The 50 Best Fictional Songs of All Time

The 50 Best Fictional Songs of All Time

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Writing a real song is easy; writing a fake song is hard. The fictional song has undergone something of a renaissance recently, thanks largely to two shows that return to TV lineups this week — FOX’s Empire and ABC’s Nashville — whose universes’ success is almost entirely reliant on the potency of their made-up artists’ made-up hits. A good faux-song has to be compelling on its own merits, true to the character of its performer, and recognizable enough through some kind of real-life analogue to make sense outside of its fictional universe. The 50 songs below manage all of this — or, at least, they’re funny and/or catchy enough for the rest of that stuff not to matter.

Defining a fictional song is tricky, though, so let’s go over some quick ground rules for the purposes of our list.

  • Most basic rule: Songs need to have originated from within a fictional work.
  • Musical numbers — as in, when characters spontaneously break into song, outside of a performance context — do not count.
  • Songs have to actually be played within the fictional work to be eligible. Not necessarily the whole song — just a verse and/or chorus is fine, if it’s enough to get the character of the song across — but if a song is only alluded to and never actually heard, it’s out.
  • Songs have to be performed by fictional characters, and not by pre-existing real-life artists, or pre-existing real-life artists playing lightly fabricated versions of themselves. (Think Prince as the Kid in Purple Rain.) Bands assembled specifically for fictional projects, however, are fair game. (So, for example, Pete & Pete’s Polaris are in the mix.)
  • Songs based on real-universe songs — meaning parodies, covers, or anything closer than a general stylistic pastiche — are out.

 

Got it? Maybe? Well, duck your head into our 50 fictional worlds here, and hopefully you’ll get the gist of it before too long. And before we start, apologies to the scores of classic faux-songs we had to leave off: “Day Man,” “Teenage Suicide (Don’t Do It),” “My Shiny Teeth and Me,” “Say No More, Mon Amour,” “Do the Hippogriff,”  “I’m a Boinger,” “Teacher’s Pet,” “Can’t Fight the Moonlight,” “Kelly Song,” “Get Schwifty,” “Love Ya to Death,” and any eligible number from Flight of the Conchords, just to name a dozen. Fifty is a smaller number than you think.

50. Phoebe Buffay, “Smelly Cat” (Friends, 1995)

None of Friends’ six leads did more with less than Lisa Kudrow. Take “Smelly Cat” — the dumbass lyric isn’t hers, but she wrote the music, and she stretched the one-note joke (aspiring musician doesn’t know she sucks) into an entire alt-rock lifecycle. She cribs from her forebears (a game Chrissie Hynde), records a sell-out version complete with music video, and gets the song licensed to a corporation. The final step is nostalgia, achieved last month when Kudrow performed “Smelly Cat” with noted pet parent and friend-collector Taylor Swift at Staples Center. — BRAD SHOUP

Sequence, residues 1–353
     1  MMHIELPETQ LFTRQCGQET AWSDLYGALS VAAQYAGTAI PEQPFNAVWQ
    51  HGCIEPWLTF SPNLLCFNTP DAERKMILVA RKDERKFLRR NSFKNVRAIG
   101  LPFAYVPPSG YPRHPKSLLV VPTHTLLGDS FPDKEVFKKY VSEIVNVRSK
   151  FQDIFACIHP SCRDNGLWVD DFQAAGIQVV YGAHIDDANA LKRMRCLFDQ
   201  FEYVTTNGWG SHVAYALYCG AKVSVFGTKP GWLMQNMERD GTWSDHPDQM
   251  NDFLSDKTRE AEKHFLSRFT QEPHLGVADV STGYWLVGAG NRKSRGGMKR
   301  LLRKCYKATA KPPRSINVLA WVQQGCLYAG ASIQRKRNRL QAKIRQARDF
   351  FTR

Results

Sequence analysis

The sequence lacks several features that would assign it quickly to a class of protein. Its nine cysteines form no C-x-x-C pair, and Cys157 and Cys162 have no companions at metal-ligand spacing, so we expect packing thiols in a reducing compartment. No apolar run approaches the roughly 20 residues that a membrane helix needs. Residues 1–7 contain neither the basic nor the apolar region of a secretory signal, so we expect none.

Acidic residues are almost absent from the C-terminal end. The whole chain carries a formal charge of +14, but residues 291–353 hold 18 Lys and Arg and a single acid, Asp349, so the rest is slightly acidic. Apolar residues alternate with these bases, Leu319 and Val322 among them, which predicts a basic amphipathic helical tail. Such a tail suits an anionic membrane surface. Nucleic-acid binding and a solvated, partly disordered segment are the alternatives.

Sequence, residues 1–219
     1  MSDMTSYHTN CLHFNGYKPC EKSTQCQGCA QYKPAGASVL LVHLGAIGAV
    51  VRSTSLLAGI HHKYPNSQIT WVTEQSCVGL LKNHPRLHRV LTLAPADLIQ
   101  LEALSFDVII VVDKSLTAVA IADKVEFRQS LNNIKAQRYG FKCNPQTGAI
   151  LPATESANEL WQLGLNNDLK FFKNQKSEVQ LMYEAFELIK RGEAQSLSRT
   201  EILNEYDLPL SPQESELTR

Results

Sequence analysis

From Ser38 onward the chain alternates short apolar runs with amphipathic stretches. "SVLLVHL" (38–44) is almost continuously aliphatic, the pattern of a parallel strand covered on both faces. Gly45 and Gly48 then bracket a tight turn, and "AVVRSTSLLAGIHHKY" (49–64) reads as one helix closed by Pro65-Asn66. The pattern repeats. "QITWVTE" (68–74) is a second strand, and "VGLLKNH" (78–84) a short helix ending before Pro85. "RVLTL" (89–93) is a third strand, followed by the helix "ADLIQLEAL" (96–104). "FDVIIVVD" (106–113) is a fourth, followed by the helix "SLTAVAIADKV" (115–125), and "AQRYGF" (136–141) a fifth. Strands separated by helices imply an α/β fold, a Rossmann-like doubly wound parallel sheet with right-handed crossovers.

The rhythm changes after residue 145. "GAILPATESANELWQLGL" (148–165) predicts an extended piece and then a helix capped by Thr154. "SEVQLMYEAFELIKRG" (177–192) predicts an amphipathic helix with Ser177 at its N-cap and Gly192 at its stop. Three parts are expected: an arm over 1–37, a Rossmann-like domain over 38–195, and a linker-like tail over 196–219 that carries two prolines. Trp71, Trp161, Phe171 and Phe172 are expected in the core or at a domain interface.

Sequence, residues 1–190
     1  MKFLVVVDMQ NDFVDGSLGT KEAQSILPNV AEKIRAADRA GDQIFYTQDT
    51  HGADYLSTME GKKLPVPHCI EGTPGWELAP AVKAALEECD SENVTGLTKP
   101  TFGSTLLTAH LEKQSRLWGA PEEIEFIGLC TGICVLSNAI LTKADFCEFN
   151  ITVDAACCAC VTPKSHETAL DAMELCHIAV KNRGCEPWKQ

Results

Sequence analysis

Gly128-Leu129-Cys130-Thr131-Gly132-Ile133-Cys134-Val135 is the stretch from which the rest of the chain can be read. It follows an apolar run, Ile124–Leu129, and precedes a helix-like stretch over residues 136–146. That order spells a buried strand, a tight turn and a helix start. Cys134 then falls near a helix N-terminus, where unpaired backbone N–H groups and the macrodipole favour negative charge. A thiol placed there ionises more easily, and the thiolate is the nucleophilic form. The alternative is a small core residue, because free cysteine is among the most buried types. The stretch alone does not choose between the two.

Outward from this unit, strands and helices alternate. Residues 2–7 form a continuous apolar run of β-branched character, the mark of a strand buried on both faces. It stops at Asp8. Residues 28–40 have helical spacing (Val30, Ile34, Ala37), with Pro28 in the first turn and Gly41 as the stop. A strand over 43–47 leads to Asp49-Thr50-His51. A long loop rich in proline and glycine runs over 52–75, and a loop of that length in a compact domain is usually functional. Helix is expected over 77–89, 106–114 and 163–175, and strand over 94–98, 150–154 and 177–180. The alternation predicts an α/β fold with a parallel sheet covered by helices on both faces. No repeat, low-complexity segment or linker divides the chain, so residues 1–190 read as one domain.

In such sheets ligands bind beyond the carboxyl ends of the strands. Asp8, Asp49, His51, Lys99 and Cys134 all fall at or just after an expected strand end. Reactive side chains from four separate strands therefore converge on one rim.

49. Mystik Spiral, “Ow! My Face” (Daria, 1998)

Trent Lane’s perennial Gen-X laziness, cool-dude self-assurance, and total belief that because he listens to morose artists he must be one too peaks in this one-minute lover’s lament. Turning the volume way past 11, Mystik Spiral (but they might change their name) sing of a broken relationship, and later, a broken nose. If the band’s intent was to return some bodily damage, they can rest assured: The youth of Lawndale likely walked out of Club Cinderblock going, “Ow, my ears.” — RACHEL BRODSKY

48. James, Donna, and Maddy, “Just You” (Twin Peaks, 1990)

In the midst of Twin Peaks’ strangely soapy second season, the sensitive, leather-jacketed James Hurley breaks out a hollow-bodied electric guitar to anticipate the nasally heartbroken balladry that Christopher Owens would mine two decades later as Girls. Leave it to David Lynch to be a futurist even when he’s trying to evoke an otherworldly past. — COLIN JOYCE

47. Peter Bretter, “Dracula’s Lament” (Forgetting Sarah Marshall, 2008)

The centerpiece from the Dracula-puppet-musical-within-a-movie A Taste for Love, and the single most enduring aspect of Forgetting Sarah Marshall, one of the more heartfelt Hollywood comedies of the past decade. That “Dracula’s Lament” has outpaced the unveiling of Jason Segel’s junk as the go-to scene referenced from Sarah Marshall is a reassuring sign for the state of humanity — the state of puppets, too. — KYLE MCGOVERN

46. The Rocking Knights of Summer, “Higher and Higher” (Wet Hot American Summer: First Day of Camp, 2015)